Thomas Charles Longboat did not receive a decoration for bravery. He was not killed during the fighting by performing a daring and outstanding feat. Rather, it is an example of the selflessness shown by Canadians to the chaos that was spreading across Europe.
Longboat was an Onondaga from Six Nations Grand River Reserve. He had a great reason not to join: he was world champion in long distance running. In 1907, he won the Boston Marathon (a distance of about 40 kilometers) in record time. His nearest competitor was four-fifths of a mile behind him. His celebrity became even more important in 1909 when he won the World Professional Marathon Championship at Madison Square Garden in New York.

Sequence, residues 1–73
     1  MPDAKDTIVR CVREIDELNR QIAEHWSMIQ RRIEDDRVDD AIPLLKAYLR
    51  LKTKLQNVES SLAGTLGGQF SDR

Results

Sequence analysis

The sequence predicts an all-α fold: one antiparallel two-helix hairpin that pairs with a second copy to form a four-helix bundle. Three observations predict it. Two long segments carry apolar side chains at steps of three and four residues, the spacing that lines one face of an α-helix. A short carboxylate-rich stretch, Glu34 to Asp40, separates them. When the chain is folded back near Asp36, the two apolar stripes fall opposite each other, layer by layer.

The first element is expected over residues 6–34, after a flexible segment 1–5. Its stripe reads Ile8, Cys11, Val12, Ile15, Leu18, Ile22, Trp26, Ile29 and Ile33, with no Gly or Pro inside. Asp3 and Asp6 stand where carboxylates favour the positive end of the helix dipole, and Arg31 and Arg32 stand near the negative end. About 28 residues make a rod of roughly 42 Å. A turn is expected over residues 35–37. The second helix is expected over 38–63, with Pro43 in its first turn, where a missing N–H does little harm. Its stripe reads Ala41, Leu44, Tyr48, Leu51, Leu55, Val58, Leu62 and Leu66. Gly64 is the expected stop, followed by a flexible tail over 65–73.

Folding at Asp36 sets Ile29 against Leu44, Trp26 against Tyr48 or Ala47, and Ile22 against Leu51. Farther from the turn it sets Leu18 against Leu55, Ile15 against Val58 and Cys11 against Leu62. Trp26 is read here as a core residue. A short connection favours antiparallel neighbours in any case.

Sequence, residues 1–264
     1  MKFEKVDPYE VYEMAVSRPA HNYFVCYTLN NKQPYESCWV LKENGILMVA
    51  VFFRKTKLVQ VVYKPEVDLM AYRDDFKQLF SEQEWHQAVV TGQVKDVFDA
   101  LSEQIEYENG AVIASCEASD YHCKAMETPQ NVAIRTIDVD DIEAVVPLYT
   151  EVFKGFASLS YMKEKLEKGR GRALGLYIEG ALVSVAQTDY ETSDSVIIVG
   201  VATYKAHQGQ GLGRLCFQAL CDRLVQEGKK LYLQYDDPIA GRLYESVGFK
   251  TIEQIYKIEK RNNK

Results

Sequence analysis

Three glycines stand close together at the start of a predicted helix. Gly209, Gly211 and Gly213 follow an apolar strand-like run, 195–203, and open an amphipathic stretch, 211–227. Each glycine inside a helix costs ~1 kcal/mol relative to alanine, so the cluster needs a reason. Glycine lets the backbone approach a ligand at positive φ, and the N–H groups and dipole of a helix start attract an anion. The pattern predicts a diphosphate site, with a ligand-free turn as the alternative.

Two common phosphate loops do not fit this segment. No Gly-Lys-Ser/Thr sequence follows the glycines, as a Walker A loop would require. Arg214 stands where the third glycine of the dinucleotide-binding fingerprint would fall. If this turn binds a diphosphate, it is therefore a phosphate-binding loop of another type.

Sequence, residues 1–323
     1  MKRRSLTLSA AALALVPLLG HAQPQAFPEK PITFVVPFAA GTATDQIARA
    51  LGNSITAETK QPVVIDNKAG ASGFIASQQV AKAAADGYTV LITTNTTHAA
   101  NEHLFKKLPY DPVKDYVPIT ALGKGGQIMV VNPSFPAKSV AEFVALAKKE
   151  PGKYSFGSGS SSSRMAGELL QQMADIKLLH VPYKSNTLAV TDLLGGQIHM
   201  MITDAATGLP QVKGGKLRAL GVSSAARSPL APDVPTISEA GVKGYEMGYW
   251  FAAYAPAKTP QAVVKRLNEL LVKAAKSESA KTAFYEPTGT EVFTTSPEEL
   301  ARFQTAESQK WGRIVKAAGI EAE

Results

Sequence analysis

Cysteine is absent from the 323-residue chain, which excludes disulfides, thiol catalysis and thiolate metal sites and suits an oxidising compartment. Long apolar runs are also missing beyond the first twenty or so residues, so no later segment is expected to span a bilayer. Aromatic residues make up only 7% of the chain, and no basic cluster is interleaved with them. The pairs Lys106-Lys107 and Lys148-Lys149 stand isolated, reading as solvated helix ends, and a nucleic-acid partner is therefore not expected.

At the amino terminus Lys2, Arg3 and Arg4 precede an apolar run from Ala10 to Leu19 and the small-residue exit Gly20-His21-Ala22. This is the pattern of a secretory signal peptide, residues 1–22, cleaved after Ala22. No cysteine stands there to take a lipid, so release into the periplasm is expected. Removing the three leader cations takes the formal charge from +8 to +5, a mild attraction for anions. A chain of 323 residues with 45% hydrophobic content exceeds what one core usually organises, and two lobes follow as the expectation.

His racing achievements had earned him thousands of dollars when, in February 1916, at the age of 29, he gave up his athletic career to enlist. Although the rewards were of a different order, he continued to race. Longboat was rider of the 107th Pioneer Battalion in France and delivered messages and orders between the units. He was also in good shape by participating in race competitions between the battalions, which he won on many occasions. At the Canadian Expeditionary Force competitions held on Dominion Day in 1918, Longboat won the eight-mile race.
The famous runner was wounded twice during his service. On one occasion he was pronounced dead, but survived the war and returned safely to Canada in 1919. Tom Longboat died in 1949 at the age of 62. It is part of the Canadian Sports Hall of Fame and the Indian Hall of Fame.